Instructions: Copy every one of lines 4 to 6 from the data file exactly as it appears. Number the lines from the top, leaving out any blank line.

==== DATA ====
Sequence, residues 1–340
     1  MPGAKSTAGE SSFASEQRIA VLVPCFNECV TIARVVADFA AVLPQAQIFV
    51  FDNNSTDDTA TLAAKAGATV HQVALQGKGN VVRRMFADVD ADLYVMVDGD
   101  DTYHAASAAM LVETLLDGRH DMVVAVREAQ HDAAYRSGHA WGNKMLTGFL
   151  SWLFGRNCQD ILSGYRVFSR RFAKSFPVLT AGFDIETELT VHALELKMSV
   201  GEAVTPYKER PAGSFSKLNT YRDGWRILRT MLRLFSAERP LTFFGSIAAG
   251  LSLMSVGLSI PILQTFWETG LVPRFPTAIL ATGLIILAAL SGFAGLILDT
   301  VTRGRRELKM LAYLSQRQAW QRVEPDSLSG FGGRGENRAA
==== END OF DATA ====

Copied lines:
   101  DTYHAASAAM LVETLLDGRH DMVVAVREAQ HDAAYRSGHA WGNKMLTGFL
   151  SWLFGRNCQD ILSGYRVFSR RFAKSFPVLT AGFDIETELT VHALELKMSV
   201  GEAVTPYKER PAGSFSKLNT YRDGWRILRT MLRLFSAERP LTFFGSIAAG